According to this analysis, the corporate brand is responsible for 5-7% of stock performance on average. [19]

Conjoint Analysis

Marketers use conjoint analysis to measure consumers' preference for various attributes of a product, service, or provider, such as features, design, price, or location. By including brand and price as two of the attributes under consideration, they can gain insight into consumers' valuation of a brand—that is, their willingness to pay a premium for it. [9]

Note: These customer satisfaction methodologies have not been independently validated by the Marketing Accountability Standards Board (MASB) according to MMAP (Marketing Metric Audit Protocol).

Brand Equity with Time-Series Data (Event Study)

While event study offer evidence that brand equity positively affects financial performance, many studies focus on customer mindset metrics to offer this relationship (Berger, Eechambadi, George, Lehmann, Rizley & Venkatesan, 2006; Buil, Martinez & de Chernatony, 2013).

Event method is applied to determine the stakeholder interest or value assessed in a brand before, during or after an event. As exemplified by Agrawal & Kamakura’s (1995) piece, The economic worth of celebrity endorsers, the authors demonstrate how an announcement of brand association of a product and celebrity creates a movement in stock value; whereby, shareholder interest is influenced by the endorsement as evidenced from the time-series data.

A similar time-series data analysis offered by Lane & Jacobson (1995) also measured stock market reactions to announcements associated with a particular brand, which factored customer attitudes and the familiarity of the brand to determine financial outcomes. The result was that the stock market response was favorable to brand announcements when consumers were familiar with the brand and held the brand in high esteem. The same applied to low familiarity and low esteem brands, which as Keller (2002) explains, was "because there was little to risk and much to gain…"(p. 157).

The findings of Agrawal & Kamakura (1995) and Lane & Jacobson (1995) was succeeded by another event study approach to brand equity analysis that focused on event sponsorships (Roy & Bettina Cornwell, 2003). This approach determined that lesser known brands may benefit from event sponsorships as a brand-building exercise but customers may have associations with the event sponsors or brand associations that could determine affective attitudes. Ultimately, high equity counterparts will yield stronger results due to their market familiarity.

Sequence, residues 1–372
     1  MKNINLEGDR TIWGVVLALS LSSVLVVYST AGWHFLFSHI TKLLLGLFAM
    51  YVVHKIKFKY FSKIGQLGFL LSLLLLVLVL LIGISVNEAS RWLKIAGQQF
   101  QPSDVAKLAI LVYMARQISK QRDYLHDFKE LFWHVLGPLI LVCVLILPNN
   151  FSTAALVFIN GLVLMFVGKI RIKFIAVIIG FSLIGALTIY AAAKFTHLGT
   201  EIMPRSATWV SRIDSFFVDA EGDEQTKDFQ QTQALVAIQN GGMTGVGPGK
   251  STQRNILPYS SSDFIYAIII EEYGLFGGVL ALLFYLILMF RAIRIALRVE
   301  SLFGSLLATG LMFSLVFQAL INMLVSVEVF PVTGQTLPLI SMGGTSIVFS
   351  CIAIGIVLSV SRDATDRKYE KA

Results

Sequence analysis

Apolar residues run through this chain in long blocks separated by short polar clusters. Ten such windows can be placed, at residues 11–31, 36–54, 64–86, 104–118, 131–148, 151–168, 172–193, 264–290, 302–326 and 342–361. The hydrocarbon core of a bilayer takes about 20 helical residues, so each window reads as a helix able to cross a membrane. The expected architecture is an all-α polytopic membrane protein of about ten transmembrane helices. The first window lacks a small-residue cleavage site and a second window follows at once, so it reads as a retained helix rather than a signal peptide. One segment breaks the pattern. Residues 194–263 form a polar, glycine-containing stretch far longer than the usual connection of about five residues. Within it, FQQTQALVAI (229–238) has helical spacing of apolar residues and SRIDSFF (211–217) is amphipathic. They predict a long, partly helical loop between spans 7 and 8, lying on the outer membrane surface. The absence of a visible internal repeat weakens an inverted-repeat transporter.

Simon & Sullivan (1993) suggested long-term analysis of events, as determined by financial returns and market performance, better captures the effect of customer mindset brand equity. In the restaurant sector, for example, returns of branding are contemporaneous. The high-tech sector showed no contemporaneous effects and brand equity is realized in the future with significant delay. The distribution/retail sector included both contemporaneous and positive future profitability. Berger et al., (2006) acknowledge the long-term approach for considering customer lifetime value relevant to the shareholder value or financial performance of a brand. This perspective contributed to concepts like "brand awareness", which Huang & Sarigöllü (2012) apply to the commonly used marketing matrix to determine stock market performance.

Managing Brand Equity

One of the challenges in managing brands is the many changes that occur in the marketing environment. The marketing environment evolves and changes, often in very significant ways. Shifts in consumer behavior, competitive strategies, government regulations, and other aspects of the marketing environment can profoundly affect the fortunes of a brand. Besides these external forces, the firm itself may engage in a variety of activities and changes in strategic focus or direction that may necessitate adjustments in the way that its brands are being marketed. Consequently, effective brand management requires proactive strategies designed to at least maintain - if not actually enhance - brand equity in the face of these different forces.

Brand Reinforcement

As a company's major enduring asset, a brand needs to be carefully managed so its value does not depreciate. Marketers can reinforce brand equity by consistently conveying the brand's meaning in terms of

(1) what product it represents, what core benefits it supplies, and what needs it satisfies

(2) how the brand makes product superior and which strong, favorable, and unique brand associations should exist in consumers' minds.

Both of these issues - brand meaning in terms of products, benefits, and needs as well as brand meaning in terms of product differentiation - depend on the firm's general approach to product development, branding strategies, and other strategic concerns. [20]

Brand Re-Genesis

Any new development in the marketing environment can affect a brand's fortune. Nevertheless, a number of brands have managed to make impressive comebacks in recent years. Often, the first thing to do in revitalizing a brand is to understand what the sources of brand equity were to begin with. Are positive associations losing their strength or uniqueness? Have negative associations become linked to the brand? Then decide whether to retain the same positioning or create a new one, and if so, which new one.